The United States confirmed that it is a one-time policy, covering the fiscal period September 2018 - January 2019. Regarding the methodology used, the subsidised products will be decided based on its export amount to the countries that have imposed retaliatory tariffs. Asked about its trade distorting effect, the US stressed that this is a short-term programme aimed at dealing with the impact of retaliatory tariffs, and would not entail export subsidies norwoudl it become a public stockholding programme. The US said information on the methodology and market facilitation programme is posted on the US Department of Agriculture (USDA) website and that it planned to submit WTO notifications in a timely manner. The US noted that the programme would not have an impact on farmers’ production decisions since the programme was initiated after farmers had planted their annual crops.

Many members expressed strong interest in following up on the implementation of the programme. Others said they intended to monitor whether the programme is fully consistent with WTO rules.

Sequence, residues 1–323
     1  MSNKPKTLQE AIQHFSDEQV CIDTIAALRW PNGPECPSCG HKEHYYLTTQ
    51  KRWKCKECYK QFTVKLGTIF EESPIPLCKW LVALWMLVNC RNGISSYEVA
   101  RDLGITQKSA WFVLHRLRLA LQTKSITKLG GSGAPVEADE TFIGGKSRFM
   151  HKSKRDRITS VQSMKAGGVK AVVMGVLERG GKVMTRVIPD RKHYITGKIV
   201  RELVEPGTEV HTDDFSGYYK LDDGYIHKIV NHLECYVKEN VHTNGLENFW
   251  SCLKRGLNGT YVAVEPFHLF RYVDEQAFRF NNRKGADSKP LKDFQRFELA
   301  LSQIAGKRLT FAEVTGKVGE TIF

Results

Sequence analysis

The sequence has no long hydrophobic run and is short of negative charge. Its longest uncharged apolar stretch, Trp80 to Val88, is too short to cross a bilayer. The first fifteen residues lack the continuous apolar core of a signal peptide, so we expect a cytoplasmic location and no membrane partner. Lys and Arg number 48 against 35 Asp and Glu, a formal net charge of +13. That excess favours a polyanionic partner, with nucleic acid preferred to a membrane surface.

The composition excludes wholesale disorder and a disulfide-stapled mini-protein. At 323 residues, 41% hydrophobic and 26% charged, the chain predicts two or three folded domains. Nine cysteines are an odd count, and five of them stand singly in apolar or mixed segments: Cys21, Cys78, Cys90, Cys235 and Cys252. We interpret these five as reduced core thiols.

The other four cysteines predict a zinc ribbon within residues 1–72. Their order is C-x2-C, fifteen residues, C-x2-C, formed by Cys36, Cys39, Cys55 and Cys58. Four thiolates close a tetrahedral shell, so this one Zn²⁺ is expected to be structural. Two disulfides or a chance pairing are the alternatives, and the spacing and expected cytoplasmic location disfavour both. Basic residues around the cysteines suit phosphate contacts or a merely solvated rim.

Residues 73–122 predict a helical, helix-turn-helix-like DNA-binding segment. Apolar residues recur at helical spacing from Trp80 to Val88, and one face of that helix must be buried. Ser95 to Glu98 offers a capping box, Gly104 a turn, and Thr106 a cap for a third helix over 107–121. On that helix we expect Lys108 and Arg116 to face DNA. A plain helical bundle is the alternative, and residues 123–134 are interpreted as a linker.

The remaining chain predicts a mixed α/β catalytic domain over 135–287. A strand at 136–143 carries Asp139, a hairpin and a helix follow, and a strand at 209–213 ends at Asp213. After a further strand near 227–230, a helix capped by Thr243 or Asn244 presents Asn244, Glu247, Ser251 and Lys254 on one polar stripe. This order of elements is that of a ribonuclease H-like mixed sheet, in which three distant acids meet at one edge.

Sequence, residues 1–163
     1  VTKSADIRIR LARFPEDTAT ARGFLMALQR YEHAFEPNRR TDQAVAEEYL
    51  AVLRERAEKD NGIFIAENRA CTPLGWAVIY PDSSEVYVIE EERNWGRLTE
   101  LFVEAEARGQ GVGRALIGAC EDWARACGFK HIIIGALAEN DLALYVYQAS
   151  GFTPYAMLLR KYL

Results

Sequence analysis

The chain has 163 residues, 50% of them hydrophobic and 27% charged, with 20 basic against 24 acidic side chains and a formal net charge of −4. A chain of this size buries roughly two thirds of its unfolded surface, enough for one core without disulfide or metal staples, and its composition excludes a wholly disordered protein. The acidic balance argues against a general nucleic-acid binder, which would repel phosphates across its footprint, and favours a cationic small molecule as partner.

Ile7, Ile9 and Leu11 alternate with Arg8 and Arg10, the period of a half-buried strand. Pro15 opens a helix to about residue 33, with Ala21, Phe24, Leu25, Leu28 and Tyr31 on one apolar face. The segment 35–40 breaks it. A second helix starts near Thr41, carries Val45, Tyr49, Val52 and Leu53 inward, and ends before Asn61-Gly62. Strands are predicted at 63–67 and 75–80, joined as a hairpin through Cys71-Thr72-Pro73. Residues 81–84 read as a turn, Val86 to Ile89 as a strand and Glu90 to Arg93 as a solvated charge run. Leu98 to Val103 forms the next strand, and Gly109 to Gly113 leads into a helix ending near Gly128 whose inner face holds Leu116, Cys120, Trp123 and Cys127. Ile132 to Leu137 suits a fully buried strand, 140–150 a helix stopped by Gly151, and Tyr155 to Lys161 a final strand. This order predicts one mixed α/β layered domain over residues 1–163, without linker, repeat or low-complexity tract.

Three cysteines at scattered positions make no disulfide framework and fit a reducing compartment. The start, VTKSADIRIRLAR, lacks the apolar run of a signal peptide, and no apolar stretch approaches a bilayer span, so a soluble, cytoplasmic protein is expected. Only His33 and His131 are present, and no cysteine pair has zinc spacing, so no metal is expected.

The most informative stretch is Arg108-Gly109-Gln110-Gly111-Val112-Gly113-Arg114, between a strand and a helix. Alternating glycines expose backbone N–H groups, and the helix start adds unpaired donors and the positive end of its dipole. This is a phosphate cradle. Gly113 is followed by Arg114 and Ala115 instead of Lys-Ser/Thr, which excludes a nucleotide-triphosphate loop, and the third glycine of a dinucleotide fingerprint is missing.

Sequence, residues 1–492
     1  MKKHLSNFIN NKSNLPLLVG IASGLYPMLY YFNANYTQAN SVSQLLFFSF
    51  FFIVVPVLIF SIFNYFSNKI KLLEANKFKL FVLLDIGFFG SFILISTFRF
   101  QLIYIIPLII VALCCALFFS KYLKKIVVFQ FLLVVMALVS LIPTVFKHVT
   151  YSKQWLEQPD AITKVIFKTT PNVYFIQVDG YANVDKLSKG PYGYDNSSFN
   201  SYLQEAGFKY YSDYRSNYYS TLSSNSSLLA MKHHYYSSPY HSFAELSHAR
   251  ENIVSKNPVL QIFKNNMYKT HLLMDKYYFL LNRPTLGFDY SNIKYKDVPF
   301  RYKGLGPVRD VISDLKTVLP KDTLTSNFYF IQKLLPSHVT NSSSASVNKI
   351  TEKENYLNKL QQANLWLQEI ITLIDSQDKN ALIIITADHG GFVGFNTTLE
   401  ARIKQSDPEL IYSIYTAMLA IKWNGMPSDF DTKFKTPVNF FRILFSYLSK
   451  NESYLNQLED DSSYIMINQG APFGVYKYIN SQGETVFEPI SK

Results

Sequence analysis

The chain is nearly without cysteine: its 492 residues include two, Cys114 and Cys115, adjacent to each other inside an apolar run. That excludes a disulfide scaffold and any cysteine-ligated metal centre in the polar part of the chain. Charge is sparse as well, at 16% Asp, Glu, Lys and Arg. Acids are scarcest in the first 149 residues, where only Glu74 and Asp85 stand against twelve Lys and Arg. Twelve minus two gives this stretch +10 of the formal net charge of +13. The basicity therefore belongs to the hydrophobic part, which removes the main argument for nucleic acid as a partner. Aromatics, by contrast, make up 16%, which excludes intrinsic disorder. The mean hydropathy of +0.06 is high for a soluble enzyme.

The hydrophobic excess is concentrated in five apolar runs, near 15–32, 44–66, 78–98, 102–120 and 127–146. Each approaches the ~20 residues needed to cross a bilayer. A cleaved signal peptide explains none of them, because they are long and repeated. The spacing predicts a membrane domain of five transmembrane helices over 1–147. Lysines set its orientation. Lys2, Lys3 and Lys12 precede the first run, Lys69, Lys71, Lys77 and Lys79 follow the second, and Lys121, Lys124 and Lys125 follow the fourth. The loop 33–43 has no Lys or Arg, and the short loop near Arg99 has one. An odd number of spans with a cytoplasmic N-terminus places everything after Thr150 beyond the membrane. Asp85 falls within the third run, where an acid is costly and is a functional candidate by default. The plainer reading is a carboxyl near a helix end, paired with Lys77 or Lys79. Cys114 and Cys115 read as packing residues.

Meanwhile, India’s farm policies continued to draw attention due to concerns about their potential impacts on global markets. Members pressed for more detailed information regarding India's export subsidies on skim milk powder and proposed domestic support programme (G/AG/W/184, page 6-8). India stated that financial supports provided through various state policies are intended to compensate farmers for marketing, handling, distribution and associated costs, which are allowed under Article 9 of the Agriculture Agreement. It said the proposed national agriculture policy is still under consideration but would be consistent with WTO rules.